October 20, 2020 14:12
The Busan Port Authority has been discussing a development project for the North Korean port of Rajin-Sonbong since 2018. Discussions continued despite a ban investment in the North under UN sanctions and even after the North Korean regime blew up the inter-Korean liaison office in Kaesong in June.
According to BPA documents obtained by People Power Party lawmaker Kweon Seong-dong on Monday, a North Korean official acting on behalf of a Chinese shipping firm, whose president is Korean Chinese, asked the BPA in February 2018 if it was possible for the South Korean state company to support the development project.
A South Korean businessman identified as Yoo, who served on the government's advisory council on reunification and inter-Korean sports committee, also came on the scene.
In talks about the Pyeongchang Winter Olympics in February 2018, Yoo discussed cooperation in the Rajin development with Chang Ung, the North Korean member of the International Olympic Committee.
Yoo then visited the BPA twice to ask if it was possible to help North Korea with port development and training of port officials. He also visited Beijing several times to discuss the plans with North Korean officials.
The BPA reported the approach to the National Intelligence Service and the Unification Ministry and has since handled it "carefully," according to the documents. On Aug. 27 this year, the BPA prepared a letter of intent for secret cooperation with the Chinese shipping firm.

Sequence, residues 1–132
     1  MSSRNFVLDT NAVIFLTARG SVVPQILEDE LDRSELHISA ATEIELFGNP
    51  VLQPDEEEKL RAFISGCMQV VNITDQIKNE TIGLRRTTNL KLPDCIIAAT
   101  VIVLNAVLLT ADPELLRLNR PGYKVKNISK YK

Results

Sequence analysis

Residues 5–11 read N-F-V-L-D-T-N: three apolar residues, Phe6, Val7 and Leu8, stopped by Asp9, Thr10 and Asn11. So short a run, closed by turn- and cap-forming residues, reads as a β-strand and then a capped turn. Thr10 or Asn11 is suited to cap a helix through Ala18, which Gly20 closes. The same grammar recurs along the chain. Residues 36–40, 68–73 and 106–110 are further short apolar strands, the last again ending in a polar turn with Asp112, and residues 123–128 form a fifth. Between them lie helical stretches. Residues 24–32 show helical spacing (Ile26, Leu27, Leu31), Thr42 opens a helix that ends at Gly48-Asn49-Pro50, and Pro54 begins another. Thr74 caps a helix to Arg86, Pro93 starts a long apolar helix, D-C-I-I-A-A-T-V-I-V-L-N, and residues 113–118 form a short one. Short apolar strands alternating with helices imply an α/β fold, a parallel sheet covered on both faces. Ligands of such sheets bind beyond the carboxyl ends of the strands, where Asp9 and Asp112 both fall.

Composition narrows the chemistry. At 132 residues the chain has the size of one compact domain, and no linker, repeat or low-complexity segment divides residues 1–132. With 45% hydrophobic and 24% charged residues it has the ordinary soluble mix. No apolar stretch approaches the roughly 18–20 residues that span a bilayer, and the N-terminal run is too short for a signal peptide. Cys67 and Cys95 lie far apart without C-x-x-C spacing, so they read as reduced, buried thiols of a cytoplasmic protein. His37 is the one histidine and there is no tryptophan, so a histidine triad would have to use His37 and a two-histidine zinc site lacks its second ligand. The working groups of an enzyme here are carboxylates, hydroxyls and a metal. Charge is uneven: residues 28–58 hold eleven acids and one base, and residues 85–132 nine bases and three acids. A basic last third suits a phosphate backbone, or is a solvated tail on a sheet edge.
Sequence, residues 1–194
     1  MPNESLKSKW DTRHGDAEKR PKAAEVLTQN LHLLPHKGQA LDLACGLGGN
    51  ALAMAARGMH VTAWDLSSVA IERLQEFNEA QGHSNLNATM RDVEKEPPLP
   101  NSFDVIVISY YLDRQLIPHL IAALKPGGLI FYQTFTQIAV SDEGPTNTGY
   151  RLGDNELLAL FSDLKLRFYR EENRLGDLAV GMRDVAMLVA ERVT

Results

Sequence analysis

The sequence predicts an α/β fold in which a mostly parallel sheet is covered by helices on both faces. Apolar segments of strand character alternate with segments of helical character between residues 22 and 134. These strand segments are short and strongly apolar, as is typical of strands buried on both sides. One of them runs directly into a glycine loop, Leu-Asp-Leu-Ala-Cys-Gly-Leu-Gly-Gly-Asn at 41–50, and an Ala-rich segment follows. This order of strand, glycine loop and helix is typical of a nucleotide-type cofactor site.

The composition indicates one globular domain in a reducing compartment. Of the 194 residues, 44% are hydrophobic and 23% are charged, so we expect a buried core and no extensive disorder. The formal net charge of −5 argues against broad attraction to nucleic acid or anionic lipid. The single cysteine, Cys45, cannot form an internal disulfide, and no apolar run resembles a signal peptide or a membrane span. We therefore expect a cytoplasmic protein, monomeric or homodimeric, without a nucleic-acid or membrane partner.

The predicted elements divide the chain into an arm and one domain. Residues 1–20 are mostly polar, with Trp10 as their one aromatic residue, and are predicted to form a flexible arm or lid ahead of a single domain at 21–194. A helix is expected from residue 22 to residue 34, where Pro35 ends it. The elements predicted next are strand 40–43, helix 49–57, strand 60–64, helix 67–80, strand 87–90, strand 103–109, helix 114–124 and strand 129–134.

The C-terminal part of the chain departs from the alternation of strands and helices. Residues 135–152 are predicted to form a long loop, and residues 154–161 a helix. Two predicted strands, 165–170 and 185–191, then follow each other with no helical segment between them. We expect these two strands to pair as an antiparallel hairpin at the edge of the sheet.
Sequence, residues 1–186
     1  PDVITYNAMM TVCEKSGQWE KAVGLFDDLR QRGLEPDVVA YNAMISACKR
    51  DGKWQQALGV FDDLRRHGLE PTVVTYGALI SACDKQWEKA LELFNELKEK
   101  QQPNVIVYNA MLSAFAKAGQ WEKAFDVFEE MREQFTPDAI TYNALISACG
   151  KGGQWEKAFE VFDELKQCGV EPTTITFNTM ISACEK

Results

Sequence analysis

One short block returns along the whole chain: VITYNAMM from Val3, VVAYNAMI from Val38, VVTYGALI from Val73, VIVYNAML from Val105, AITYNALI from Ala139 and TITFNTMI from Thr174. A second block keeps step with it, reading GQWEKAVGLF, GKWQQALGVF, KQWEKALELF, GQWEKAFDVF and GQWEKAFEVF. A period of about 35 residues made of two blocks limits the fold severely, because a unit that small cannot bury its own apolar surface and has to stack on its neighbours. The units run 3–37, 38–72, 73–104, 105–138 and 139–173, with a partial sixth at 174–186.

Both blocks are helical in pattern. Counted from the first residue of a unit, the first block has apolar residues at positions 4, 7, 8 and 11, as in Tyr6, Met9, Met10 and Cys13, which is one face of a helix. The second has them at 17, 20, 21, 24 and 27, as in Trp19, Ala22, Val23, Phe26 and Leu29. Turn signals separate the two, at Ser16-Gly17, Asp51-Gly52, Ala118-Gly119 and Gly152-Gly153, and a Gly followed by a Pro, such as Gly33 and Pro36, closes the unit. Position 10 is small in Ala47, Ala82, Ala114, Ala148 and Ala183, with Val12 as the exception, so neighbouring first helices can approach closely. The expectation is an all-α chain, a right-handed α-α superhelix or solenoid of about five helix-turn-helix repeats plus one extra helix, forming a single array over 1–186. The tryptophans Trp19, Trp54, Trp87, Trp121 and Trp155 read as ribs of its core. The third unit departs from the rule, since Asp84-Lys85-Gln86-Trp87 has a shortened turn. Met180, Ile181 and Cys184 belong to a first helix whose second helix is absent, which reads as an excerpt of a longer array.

The same day, the director of the shipping firm sent a letter to the BPA claiming that Rajin Port would be leased to his company for 49 years thanks to the "absolute trust" of the North Korean government and North Korean leader Kim Jong-un.
The director added that he had accepted a proposal from the Rajin-Sonbong municipal government on July 21 this year to meet with the North Korean leader's sister Kim Yo-jong about the project. This would precede final approval from Kim Jong-un, he claimed. He attached photos of his signing of a contract with the municipal government.
On Aug. 28, the president of the BPA then approved the plan to sign the letter of intent, but because of some differences of views with North Korea it has not yet been signed, the BPA told lawmaker Kweon.
Meanwhile, the Unification Ministry said Monday that it will resume tours of the Joint Security Area in the truce village of Panmunjom on Nov. 4. The tours have been suspended for a year since an outbreak of African swine fever.
The decision comes less than a month after the brutal killing at sea of a North Korean official by North Korean soldiers.
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